Other items contributing to marine waste include foodservice items such as cups, plates, utensils, stirrers and straws. The latter, esp. after a video of a turtle with a straw being painfully extracted from its’ nose, has recently been defined as the single most prominent “global enemy” and representation of many anti-plastic movements. But nevertheless, it Is as marine waste in general that plastic has received a great deal of scrutiny, but it’s not clear paper always provides a better alternative. The recyclability of cups has been in particular focus recently with the U.K. discussing a potential levy on disposable coffee cups. While the cups may appear to be recyclable, the plastic lining on the inside, which prevents liquid from soaking in, actually makes the cup significantly more expensive to recycle with only 3-4 locations in the U.K. equipped to do so. Limited infrastructure has also put a damper on the move to biodegradable cups. While a biodegradable cup is more sustainable than the plastic-lined alternative, the product still may be destined for a landfill given limited capacity for proper processing. Despite these concerns, the paper is even seen as the more responsible alternative to polystyrene (PS) which can sit in a landfill for centuries. Recycling PS or EPS (expanded polystyrene) isn’t economical since it’s not part of the circular economy, meaning that a recycled EPS cup cannot be processed and then turned back into another bowl.
Environmental Impact of Single-Use Plastics
Plastic is the cause of most significant concern. Widely-used consumer plastics such as bags and bottles can take anywhere from 500 to 1,000 years to degrade.
Moreover, only ~14% of plastic packaging sold ends up being recycled. It means ~86% ends up in a landfill or bodies of water. The following includes a list of channels impacting on the environment.
Sewage is an essential factor in the distribution of microplastics. In fact, between 80 percent and 90 percent of the plastic particles. They contain in wastewater, such as from garment fibers, persist in the sludge. Microplastics can be found even in tap water.
Chlorinated plastic can release harmful chemicals into the surrounding soil. Soil can then seep into groundwater or other surrounding water sources and the ecosystem. This can cause a range of potentially dangerous effects on the species, that drink the water.
Microplastics get into our water
One of the primary sources is our clothing. Minuscule fibers of acrylic, nylon, spandex, and polyester are shed each time we wash our clothes. Also, they are carried off to wastewater treatment plants or discharged to the open environment.
Microbeads are solid plastic particles. Numerous governments have introduced legislation. It was created to ban the manufacture of cosmetics. Moreover, also personal care products containing microbeads.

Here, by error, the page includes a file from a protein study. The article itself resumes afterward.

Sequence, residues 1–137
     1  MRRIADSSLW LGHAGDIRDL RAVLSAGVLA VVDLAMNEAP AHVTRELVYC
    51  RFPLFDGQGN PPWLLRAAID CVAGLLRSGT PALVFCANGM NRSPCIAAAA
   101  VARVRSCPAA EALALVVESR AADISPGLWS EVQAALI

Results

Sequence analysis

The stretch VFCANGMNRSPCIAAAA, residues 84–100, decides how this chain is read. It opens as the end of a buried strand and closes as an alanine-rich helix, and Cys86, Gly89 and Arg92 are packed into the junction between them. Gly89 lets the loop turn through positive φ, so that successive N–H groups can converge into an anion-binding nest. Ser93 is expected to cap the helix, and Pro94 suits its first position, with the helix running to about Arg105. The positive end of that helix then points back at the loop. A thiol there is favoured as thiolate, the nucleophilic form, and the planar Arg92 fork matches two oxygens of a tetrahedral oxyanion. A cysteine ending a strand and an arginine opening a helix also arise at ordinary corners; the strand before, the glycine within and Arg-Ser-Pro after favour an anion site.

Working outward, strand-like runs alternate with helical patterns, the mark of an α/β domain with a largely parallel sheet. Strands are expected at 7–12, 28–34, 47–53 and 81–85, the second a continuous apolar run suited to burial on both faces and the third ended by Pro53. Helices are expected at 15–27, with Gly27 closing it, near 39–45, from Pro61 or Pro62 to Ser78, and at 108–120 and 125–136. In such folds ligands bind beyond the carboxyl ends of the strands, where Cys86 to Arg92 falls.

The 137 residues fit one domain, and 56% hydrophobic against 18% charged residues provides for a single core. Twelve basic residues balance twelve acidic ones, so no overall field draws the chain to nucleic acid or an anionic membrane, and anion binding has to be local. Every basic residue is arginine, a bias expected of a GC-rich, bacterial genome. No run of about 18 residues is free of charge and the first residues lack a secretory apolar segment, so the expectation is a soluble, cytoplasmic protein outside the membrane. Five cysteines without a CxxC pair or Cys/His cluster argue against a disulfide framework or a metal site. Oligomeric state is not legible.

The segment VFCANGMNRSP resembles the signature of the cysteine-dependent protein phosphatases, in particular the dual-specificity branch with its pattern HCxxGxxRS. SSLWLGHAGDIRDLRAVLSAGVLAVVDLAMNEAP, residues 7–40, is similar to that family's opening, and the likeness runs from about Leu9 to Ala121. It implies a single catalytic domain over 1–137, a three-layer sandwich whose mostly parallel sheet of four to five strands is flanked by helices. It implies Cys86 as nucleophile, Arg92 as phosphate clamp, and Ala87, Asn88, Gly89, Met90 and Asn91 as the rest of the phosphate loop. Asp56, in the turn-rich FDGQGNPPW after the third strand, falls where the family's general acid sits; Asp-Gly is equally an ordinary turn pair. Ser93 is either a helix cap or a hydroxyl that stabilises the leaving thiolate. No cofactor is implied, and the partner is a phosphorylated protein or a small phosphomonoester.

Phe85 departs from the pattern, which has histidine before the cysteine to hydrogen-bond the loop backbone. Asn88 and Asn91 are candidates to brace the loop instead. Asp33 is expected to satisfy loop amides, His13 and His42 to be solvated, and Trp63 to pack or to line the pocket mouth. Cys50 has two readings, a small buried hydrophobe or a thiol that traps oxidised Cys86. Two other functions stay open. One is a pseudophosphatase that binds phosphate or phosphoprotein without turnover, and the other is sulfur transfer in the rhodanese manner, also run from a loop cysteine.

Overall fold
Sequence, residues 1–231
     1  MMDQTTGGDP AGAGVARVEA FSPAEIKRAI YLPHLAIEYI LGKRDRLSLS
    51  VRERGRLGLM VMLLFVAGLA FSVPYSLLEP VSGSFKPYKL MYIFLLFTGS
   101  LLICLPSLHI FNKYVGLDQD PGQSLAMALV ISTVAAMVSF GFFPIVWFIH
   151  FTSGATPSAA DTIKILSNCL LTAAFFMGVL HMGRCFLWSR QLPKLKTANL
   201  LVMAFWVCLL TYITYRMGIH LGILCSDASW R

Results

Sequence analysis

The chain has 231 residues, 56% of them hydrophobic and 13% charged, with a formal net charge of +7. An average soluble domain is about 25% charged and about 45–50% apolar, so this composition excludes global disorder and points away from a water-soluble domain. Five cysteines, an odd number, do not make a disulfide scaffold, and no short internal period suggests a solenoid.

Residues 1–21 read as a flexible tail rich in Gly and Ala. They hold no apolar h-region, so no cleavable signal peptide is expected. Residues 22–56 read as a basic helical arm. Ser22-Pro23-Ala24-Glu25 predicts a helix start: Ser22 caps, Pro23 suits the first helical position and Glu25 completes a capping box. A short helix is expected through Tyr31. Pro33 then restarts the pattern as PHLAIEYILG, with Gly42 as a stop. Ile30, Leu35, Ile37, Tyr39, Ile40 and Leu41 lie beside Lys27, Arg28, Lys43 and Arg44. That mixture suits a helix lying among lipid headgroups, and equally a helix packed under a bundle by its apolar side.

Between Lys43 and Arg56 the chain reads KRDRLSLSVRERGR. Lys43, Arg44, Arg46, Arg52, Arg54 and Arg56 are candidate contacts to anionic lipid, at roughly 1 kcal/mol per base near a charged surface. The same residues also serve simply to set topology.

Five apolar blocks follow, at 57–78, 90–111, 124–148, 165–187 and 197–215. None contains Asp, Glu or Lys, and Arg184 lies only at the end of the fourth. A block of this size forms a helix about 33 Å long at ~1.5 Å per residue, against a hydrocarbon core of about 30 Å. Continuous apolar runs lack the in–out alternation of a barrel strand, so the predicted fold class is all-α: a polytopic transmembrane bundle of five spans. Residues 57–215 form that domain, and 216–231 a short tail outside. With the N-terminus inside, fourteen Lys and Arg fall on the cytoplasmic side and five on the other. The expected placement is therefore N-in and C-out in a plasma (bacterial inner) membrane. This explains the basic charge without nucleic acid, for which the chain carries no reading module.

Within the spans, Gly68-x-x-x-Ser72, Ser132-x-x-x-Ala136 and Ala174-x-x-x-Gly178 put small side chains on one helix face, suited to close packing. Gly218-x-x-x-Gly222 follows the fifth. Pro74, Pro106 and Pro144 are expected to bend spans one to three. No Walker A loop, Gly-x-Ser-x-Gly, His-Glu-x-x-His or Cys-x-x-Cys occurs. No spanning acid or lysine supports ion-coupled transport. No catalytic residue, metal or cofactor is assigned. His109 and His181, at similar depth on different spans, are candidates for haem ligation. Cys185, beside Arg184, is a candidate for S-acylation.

Landfill & Marine pollution issues
Plastic is a significant source of waste in landfills. It concerns air pollution, groundwater safety, and quality of life issues. The most common waste-generating polymers include low (LDPE) and high (HDPE) density polyethylene. Also polypropylene (PP) and polyethylene terephthalate (PET). You can find them in applications such as bottles and bags. In emerging markets, plastics can disrupt agriculture, transportation, and sanitation processes. These processes are critical for human health. We estimate ~400 million tonnes of plastic are produced each year. The majority of plastic packaging is technically recyclable.
Moreover, by some estimates only ~14% of packaging products are recycled. PET beverage bottles are a leading type of single-use plastic. These bottles are also the fifth most common item found in ocean debris. Although plastics are part of the ‘Great Pacific Garbage Patch.in terms of tonnage, the majority of the patch is abandoned fishing gear. Marine pollution is also reaching elevated levels. It averages ~13,000 pieces of plastic litter found on every square kilometer of ocean.
Global initiatives about single-use plastic bans
The first national ban on plastic bags was signed in Bangladesh in 200. Bans in several other African nations followed this. In Europe, the U.K. took a leading position on preventing plastics waste. It started with a 5 pence (5p) charge on disposable plastic bags in October 2015. The U.K. government later published a 25-year environmental plan. This plan announced intentions to eliminate all “avoidable plastics waste” by year-end 2042. Also, extend the 5p plastic bag charge to small retail shops and encourage “plastic-free aisles” at supermarkets. Taiwan announced its intention to ban single-use plastics by 2030. Also, Scotland became the first U.K. nation to ban plastic straws. It was a part of a more significant effort to cut down on single-use plastics. In December, as a significant breakthrough, the EU finally agreed to ban a wide range of “throw-away plastic items such as straws and polysterine cups by 2021 (source). In the U.S., initiatives have been more on the state and local level vs. national level, with Malibu Beach seemingly being at the forefront and implementing plastic straw bans, associated with monetary fines. However, it should be noted that with all plastic straw bans, hospitality establishments will always aim to have some form of straw available to satisfy the needs of particular handicaped guests, as not all will be able to drink from not-bendable straws. In India, a nationwide ban on single-use plastics will start in 2020. However, some cities have already adopted the bans with substantial penalties for infractions. Also, some corporates have proactively adapted to changing consumer preferences on single-use plastics, with Goldman Sachs and JP Morgan, banning plastic cups in their offices. Furthermore there is a significant number of self-motivated initiatives being started on Social and traditional Media, spearheaded by celebrities such as David Attenborough (Blue Planet Movie), Cara de Levigne (My Eco Challenge) and many others on a local level with local celebrities.
Alternatives to Single-Use Plastics